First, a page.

CAR T-Cell Therapy: A Breakthrough in Fighting Cancer Cells
Therapeutic advances targeting cancer cells are on the rise. However, some cancer therapies have certain limitations due to varying responses among patient and have high relapse rate with poor prognosis. Overcoming these limitations proved to be a major challenge. With few or no available treatment in eradicating malignant cells, a greater understanding of the immune system can be used to improve and lessen the side effects of existing treatment for patients with blood cancers. Recently, a new form of treatment was made available in which the immune cells or antibodies can recognize and kill cancer cells. This treatment is known as CAR T-cell therapy.
What is CAR T-cell therapy?
Chimeric antigen receptor (CAR) T-cell therapy uses genetic engineering to help patients’ own T-cells to recognize and attack the cancer cells without affecting the neighboring healthy cells.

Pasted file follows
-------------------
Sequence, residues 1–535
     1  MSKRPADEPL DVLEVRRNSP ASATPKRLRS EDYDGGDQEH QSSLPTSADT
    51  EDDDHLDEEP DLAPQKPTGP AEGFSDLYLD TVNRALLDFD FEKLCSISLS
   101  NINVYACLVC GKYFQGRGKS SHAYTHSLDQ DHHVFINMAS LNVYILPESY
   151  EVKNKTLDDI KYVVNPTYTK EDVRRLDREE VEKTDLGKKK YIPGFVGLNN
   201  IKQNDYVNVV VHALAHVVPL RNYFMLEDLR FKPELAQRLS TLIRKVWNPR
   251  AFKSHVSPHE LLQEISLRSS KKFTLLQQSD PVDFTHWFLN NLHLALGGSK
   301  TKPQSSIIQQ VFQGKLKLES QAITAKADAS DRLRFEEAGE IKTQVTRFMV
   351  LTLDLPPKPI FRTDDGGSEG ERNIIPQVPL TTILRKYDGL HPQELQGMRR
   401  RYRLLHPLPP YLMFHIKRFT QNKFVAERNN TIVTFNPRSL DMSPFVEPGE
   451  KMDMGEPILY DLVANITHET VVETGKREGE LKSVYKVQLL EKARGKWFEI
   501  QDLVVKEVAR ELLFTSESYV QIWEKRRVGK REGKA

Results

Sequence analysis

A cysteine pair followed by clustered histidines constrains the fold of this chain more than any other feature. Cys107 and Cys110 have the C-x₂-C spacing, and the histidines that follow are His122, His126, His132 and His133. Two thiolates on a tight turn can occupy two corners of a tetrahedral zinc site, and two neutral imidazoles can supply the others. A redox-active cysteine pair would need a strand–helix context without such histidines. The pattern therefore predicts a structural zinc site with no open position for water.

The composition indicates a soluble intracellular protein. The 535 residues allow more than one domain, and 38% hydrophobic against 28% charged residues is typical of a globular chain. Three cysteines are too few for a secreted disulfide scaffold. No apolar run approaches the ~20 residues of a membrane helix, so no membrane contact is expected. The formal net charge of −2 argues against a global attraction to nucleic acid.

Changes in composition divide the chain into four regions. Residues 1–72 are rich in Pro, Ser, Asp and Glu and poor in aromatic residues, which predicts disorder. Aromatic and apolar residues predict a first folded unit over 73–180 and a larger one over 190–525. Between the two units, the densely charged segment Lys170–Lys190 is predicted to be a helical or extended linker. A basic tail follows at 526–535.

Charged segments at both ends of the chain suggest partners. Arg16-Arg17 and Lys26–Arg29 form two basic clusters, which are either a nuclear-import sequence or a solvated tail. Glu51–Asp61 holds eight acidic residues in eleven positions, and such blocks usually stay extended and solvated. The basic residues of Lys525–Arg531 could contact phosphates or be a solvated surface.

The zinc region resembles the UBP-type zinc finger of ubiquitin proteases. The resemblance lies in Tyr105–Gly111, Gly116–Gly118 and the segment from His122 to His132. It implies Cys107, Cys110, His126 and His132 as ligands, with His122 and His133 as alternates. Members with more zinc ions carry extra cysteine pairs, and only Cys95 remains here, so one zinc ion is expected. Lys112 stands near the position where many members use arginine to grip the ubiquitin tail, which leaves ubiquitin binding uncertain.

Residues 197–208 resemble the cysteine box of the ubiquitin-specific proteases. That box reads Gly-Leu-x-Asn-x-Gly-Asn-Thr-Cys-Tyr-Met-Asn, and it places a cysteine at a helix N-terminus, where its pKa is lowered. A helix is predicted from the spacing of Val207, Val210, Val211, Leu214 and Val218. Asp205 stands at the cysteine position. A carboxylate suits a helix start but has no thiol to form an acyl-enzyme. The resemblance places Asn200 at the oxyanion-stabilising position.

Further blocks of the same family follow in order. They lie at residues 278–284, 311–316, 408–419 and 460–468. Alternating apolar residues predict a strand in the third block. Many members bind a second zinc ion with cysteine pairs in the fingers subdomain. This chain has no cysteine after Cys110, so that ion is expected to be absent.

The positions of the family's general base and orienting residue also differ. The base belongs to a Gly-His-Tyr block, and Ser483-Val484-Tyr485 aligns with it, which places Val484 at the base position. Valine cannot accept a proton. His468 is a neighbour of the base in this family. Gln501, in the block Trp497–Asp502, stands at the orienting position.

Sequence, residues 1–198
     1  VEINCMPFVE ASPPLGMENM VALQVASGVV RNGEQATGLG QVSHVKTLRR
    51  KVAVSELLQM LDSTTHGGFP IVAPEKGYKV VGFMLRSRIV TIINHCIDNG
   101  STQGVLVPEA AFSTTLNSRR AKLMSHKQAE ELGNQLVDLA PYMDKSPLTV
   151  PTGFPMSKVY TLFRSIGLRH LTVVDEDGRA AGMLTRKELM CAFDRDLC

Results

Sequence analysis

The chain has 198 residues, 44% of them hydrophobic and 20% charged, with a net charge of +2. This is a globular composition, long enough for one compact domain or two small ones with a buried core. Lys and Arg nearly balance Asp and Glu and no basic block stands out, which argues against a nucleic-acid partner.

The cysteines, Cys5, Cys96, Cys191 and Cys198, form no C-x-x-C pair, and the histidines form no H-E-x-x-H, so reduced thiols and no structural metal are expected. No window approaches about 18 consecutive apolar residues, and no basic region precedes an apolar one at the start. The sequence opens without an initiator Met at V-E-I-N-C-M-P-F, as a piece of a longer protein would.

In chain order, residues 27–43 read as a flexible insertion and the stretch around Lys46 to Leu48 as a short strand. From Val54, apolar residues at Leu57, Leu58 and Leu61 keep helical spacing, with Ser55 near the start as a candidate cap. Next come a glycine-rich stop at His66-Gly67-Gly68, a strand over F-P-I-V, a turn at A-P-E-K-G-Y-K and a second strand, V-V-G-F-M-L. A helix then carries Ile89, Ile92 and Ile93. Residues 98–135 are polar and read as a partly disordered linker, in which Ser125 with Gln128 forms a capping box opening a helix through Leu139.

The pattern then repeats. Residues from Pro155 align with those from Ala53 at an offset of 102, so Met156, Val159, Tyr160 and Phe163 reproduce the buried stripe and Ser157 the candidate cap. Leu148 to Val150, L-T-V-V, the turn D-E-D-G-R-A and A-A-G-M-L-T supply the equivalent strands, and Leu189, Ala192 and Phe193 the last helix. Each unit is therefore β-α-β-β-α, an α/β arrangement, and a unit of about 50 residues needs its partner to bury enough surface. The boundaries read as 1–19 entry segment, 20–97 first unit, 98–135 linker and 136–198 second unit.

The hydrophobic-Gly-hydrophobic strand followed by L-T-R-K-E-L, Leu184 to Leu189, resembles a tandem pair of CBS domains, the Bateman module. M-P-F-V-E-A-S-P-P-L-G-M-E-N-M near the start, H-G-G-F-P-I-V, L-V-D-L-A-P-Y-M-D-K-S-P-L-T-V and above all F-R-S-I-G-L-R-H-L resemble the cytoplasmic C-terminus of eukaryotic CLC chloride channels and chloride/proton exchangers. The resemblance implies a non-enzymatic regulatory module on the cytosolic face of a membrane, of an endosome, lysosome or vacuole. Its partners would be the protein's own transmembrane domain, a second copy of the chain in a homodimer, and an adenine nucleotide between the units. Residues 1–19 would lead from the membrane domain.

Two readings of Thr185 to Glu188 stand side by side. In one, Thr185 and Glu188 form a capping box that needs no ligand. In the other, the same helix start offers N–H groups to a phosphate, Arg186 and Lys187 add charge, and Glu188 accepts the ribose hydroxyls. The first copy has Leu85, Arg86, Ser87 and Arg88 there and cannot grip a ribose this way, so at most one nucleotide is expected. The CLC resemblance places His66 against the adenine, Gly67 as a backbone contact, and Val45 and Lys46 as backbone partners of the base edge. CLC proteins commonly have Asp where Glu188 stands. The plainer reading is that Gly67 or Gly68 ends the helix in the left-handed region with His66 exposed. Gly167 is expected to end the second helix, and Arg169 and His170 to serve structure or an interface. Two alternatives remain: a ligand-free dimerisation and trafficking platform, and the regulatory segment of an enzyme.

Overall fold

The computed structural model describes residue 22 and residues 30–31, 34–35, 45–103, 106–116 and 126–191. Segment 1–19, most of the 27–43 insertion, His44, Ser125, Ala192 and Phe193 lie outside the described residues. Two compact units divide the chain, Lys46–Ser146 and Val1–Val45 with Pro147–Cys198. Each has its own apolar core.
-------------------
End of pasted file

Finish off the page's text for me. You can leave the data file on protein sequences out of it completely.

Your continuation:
Use of CAR T-cells as a treatment for cancer has been most extensively investigated in patients with B cell malignancies, and early results have been encouraging. The development of CAR T-cell therapy has now expanded beyond phase 1 trials and moved into phase 2 multi-site trials.
How CAR-T Cell Therapy Works?
Figure 1. Manufacturing and delivery of pipeline of CAR T-cell Therapies. (A) Peripheral blood mononuclear cells are harvested from T-cell donor then the remaining blood will be returned back to the body. (B) T-cells are genetically re-engineered in the laboratory to produce chimeric antigen receptors (CARs) on their surface. (C) The genetically re-engineered T-cells are known as chimeric antigen receptor (CAR) T-cells. (D) The number of the patient’s genetically modified T-cells is “expanded” by growing cells in the laboratory until there are many millions of them. (E) The patient undergoes infusion of the CAR T-cells.
Results & Future of CAR T-Cell Therapy
Having exhausted all possible treatments, 63 pediatric patients with acute lymphoblastic leukemia have undergone phase 2 trial by Novartis. Out of the 63 patients, 83 percent or 52 children achieved remission. Due to the large percentage of success, the panel unanimously voted 10-0 for the approval of the treatment However, further research needs to be done. Patients undergoing this therapy will be observed for 15 years to check the efficacy of the treatment.
* Novartis is a registered trademark owned by Novartis International AG.
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